The Mental Health First Aid (MHFA) USA Doctoral Student Grants represent a commitment by the National Council for Mental Wellbeing to grow the research behind and evaluation of all MHFA programs. Each year, the grant will provide a one-time award of $5,000 to four outstanding full-time doctoral candidates who demonstrate significant potential as researchers in their fields of study and who are interested in evaluating the outcomes of MHFA trainings in the U.S.
Our 2021 MHFA Doctoral Student Grant Awardees
Full-time doctoral student pursuing a degree in psychology, public health, or related field of study.
Previous evaluation experience and demonstrated ability to document findings through publications and/or presentations.
Documented experience with MHFA (e.g., as an MHFA Instructor or Coordinator) and/or strong interest in MHFA.
Bring a strong diversity, equity, and inclusion lens to their research, or explore a population’s experience with an MHFA program and recommend ways to make the curriculum more culturally relevant to that specific group.
Once funded, doctoral grant recipients must:
Submit regular research updates to the MHFA team.
Participate in quarterly research calls with other grantees.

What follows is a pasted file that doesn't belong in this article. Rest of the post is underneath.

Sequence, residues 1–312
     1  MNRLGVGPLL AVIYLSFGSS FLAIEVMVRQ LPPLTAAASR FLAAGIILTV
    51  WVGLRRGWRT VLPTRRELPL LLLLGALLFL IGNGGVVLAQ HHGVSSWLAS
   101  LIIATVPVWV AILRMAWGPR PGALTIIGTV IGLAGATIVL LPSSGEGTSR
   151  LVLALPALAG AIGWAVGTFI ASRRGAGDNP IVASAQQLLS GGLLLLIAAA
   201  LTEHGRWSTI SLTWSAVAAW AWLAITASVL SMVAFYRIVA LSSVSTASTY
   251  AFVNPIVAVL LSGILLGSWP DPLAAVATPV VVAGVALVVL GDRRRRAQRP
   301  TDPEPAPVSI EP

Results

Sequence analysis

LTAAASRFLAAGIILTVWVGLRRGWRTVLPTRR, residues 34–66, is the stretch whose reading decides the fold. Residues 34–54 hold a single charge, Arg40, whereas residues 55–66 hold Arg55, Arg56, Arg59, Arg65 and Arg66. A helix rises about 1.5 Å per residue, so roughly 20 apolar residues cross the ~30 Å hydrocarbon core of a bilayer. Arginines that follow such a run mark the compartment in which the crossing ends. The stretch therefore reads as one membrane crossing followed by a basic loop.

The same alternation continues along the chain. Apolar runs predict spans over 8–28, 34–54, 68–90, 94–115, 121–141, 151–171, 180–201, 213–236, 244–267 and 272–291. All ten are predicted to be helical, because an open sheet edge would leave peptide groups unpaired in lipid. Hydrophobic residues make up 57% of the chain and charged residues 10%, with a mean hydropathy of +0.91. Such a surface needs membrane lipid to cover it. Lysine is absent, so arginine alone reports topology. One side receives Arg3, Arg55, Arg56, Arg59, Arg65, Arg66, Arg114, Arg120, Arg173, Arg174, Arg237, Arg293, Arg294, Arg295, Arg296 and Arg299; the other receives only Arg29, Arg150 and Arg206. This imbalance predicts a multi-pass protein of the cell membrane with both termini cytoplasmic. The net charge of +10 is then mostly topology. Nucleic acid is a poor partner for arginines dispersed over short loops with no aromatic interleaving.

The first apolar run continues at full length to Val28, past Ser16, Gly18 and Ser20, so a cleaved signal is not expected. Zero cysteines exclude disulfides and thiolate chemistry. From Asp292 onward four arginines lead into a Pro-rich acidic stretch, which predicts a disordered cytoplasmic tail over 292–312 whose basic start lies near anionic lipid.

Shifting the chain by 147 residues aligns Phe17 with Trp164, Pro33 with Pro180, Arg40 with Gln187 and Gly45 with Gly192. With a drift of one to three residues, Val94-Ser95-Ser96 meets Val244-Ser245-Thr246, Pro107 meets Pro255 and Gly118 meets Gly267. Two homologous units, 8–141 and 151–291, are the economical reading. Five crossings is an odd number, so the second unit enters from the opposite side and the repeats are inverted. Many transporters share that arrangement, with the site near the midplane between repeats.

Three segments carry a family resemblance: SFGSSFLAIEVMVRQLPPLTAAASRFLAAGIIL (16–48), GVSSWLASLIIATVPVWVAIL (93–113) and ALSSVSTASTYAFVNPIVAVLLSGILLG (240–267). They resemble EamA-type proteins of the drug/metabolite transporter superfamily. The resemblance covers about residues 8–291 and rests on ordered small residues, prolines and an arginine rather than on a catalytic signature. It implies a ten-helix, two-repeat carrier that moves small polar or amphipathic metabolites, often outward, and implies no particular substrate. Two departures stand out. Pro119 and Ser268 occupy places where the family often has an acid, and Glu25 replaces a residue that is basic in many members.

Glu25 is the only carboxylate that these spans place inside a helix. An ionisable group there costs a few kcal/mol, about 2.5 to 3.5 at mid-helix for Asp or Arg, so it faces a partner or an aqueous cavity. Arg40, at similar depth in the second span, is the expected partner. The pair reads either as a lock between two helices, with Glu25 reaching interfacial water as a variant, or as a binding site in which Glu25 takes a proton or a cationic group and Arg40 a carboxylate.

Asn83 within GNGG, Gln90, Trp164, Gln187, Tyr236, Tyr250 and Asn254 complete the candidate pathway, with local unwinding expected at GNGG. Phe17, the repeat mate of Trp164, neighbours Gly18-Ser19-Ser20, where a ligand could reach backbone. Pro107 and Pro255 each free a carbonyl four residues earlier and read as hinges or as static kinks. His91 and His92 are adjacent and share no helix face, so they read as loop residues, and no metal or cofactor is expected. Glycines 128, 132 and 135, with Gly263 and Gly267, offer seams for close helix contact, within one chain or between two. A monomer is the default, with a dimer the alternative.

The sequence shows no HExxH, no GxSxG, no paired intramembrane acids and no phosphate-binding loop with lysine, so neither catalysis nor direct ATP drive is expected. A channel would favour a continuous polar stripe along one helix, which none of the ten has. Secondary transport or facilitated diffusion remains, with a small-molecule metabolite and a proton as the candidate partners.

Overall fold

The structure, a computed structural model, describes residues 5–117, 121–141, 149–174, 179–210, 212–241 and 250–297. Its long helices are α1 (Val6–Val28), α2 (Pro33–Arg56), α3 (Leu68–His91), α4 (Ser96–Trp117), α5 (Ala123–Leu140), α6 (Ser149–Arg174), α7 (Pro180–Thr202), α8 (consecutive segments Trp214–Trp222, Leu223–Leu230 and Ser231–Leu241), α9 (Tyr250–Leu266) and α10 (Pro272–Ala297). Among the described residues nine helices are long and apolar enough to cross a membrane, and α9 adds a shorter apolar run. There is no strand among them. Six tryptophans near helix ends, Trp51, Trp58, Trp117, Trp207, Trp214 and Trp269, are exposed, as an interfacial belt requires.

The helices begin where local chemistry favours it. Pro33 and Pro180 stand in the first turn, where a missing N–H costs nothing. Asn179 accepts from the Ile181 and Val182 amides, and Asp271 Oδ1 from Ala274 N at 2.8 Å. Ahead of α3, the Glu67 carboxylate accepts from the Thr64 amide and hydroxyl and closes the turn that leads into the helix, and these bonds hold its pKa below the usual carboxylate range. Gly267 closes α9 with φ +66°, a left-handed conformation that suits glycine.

Submit a final report of research findings to the MHFA team within two years of receiving the grant.
Participate as a presenter at an MHFA-sponsored event highlighting research.
Pursue a formal publication or presentation opportunity. (MHFA- or National Council-sponsored opportunities, such as NatCon, the MHFA Summit or a MHFA Research Symposium, may be allowed).
Mental Health First Aid training has taught the officer to ask his charges, “What happened?” instead of, “What’s wrong with you?””–Officer Orlando Singleton
So many people are out there wishing for something better, hoping that help will show up. That’s what Mental Health First Aid is – it is help to get people connected to care and ultimately to get them to a better place.”–Tousha Paxton-Barnes, U.S. Army Veteran
As adults, we sometimes forget how hard it was being an adolescent. When we see a kid who is just miserable at school, we might think they choose to be that way – or that it’s just part of adolescence. But in fact, they might be in a mental health crisis, one they certainly did not choose and do not want.
When a teacher says “how can I be helpful,” that is a powerful question. ”–Alyssa Fruchtenicht, School-Based Mental Health Counselor